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Feminism, Gender, and Politics in NBC’s «Parks and Recreation»

Erika Engstrom

Widely hailed as one of the best feminist-oriented series on television, NBC’s Parks and Recreation (2009–2015) presents a multifaceted text for examining the incorporation of feminist ideology into its storylines. This book analyzes the various ways the series presented feminism as a positive force, such as the satirical portrayal of patriarchy; alternative depictions of masculinity; the feminist ideology and political career of main character Leslie Knope; the inclusion of actual political figures; and depictions of love and romance as related to feminist thinking. A much-needed treatment that adds to the literature on feminism in media and popular culture, this book serves as an ideal resource for instructors and scholars of gender and mass media, women’s studies, and media criticism by investigating Parks and Recreation’s place in the continuum of other feminist-leaning television programs.

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Chapter 3. Pawnee’s “New Man”: Manly Men and Male Feminists

Extract

← 42 | 43 →

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PAWNEE’S “NEW MAN”: MANLY MEN AND MALE FEMINISTS*

The temporal placement of Pawnee as a patriarchal culture, in which outdated, gender-traditional notions appear obsolete and yet are still adhered to by those in power positions, comes into contrast with the people that surround Leslie Knope. These allies, who support her political ambitions and efforts to make life better in her beloved hometown, include not only competent women who implicitly forward feminist ideals, but male colleagues and friends. Working from the context of hegemonic masculinity, the version of manhood that permeates a culture and presents models of behavior and thinking considered most appropriate for males, in this chapter I analyze the commonalities and differences in the portrayals of the main male characters in Parks. I explore how Parks utilizes alternative forms of masculinity as embodied in its male characters that counter traditional notions of the male identity familiar in mass media, those that idealize what it means to “be a man.” In that the series’ male characters present a range of personality types, worldviews, and competencies, their composite portrayal and placement within a feminist-leaning series combine to offer a useful textual site at which to examine the portrayal of masculinity using a feminist lens. ← 43 | 44 →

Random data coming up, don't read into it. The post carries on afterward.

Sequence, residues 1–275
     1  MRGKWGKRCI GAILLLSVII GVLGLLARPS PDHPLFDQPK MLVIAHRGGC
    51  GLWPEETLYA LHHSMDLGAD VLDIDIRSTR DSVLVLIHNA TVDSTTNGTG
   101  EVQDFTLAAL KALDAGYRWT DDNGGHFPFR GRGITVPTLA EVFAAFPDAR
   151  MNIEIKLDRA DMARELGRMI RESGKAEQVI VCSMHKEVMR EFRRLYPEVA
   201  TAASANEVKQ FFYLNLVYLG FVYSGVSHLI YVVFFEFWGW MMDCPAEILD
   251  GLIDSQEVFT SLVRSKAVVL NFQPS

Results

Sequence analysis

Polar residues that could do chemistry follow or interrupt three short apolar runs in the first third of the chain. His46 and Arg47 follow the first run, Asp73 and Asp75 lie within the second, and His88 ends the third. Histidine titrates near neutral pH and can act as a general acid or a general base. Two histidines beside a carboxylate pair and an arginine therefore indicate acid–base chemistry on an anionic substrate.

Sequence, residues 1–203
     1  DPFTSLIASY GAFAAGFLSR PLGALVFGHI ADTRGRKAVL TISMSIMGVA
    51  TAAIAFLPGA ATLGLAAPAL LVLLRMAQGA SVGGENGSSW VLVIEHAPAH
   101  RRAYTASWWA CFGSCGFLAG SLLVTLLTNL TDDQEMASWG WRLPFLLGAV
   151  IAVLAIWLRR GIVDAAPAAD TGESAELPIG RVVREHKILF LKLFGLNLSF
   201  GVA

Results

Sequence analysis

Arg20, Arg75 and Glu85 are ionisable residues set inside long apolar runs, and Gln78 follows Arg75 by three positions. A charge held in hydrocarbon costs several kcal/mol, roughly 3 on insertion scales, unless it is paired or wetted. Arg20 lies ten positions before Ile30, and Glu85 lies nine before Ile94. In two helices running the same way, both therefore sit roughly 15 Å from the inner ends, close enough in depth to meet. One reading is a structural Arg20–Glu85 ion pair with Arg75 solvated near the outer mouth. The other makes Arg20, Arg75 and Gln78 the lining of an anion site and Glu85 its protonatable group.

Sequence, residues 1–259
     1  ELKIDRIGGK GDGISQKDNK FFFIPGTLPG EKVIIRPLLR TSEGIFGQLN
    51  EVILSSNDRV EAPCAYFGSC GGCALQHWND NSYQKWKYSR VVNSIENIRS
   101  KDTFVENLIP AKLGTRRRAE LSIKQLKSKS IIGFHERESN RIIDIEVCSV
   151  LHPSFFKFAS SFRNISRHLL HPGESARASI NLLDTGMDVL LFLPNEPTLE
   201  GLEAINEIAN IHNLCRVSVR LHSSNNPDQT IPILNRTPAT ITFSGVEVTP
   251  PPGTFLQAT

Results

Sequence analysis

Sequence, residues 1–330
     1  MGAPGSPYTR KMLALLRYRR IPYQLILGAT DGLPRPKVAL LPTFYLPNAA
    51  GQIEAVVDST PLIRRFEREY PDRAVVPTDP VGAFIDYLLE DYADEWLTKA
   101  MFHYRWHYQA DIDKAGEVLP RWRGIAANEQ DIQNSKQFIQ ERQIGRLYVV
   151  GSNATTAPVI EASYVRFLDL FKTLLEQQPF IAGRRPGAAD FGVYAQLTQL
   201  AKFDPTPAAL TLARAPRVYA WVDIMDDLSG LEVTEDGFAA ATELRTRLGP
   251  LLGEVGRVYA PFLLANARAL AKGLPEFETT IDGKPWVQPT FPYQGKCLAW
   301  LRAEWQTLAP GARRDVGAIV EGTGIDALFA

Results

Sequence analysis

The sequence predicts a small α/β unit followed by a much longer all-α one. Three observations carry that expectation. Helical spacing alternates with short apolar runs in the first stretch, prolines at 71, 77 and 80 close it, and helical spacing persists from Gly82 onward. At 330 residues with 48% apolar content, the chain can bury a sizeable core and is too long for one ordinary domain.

Mass Mediated Masculinities

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